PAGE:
Within weeks, the government established several new hospitals to manage the crisis and still provide non-COVID-19 care. The Dubai Health Authority, for instance, established 45 new hospitals during the first half of 2020 to strengthen its capacity to receive international patients and treat COVID-19 patients.
At the same time, the government took measures to rebrand medical tourism support systems, remodeling them to meet international best practices and create an enabling environment for medical travel. Airlines, hotels, malls, restaurants soon resumed business, implementing strict hygiene measures that built an ecosystem that will drive medical travel.
UAE also leveraged technology to bypass the barrier of travel restrictions. The coronavirus pandemic accelerated the use of telehealth solutions across the UAE, with health buyers and payers adopting telehealth consultations. The government also established payment gateways to drive teleconsultations and other digital health solutions, including remote monitoring and home care. The country also deployed robots in hospitals for disinfection, patient monitoring, and delivery of medicines and food to patients to limit human contact.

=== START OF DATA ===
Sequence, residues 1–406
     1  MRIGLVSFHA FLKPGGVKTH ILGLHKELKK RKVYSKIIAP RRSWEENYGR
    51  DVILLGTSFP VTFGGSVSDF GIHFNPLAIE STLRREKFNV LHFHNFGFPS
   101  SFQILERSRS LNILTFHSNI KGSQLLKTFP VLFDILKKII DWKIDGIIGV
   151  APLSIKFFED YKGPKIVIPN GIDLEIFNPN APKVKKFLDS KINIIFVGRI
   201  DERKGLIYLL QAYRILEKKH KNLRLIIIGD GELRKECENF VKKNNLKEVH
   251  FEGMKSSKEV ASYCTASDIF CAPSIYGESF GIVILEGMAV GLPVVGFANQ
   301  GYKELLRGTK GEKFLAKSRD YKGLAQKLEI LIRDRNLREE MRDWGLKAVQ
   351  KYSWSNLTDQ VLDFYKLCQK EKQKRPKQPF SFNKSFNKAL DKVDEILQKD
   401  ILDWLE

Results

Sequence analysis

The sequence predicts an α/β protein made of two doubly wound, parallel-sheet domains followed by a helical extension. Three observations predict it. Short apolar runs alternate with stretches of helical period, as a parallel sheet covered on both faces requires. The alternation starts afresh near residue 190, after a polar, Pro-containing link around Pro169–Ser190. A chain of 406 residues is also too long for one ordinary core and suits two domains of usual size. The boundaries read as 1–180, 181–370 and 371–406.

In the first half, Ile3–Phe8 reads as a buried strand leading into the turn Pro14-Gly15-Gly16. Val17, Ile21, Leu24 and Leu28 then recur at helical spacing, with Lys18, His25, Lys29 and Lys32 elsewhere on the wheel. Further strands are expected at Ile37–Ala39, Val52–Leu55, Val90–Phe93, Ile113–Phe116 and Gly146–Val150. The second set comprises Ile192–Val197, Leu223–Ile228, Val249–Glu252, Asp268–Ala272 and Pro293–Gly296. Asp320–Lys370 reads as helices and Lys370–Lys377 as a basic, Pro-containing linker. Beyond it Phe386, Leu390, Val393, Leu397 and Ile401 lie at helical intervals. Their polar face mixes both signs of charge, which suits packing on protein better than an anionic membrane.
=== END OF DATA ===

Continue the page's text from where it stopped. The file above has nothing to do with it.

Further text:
These strategies were vital in rebuilding patients’ confidence in visiting hospitals when the region reopened its borders. When the UAE reopened its doors to medical tourists, many of the preferred medical tourism hubs saw an expected rise in domestic and international travel, resuming non-elective care services that had been defunct for months. UAE became the first country to resume medical travel when most tourism destinations were still shuttered indefinitely.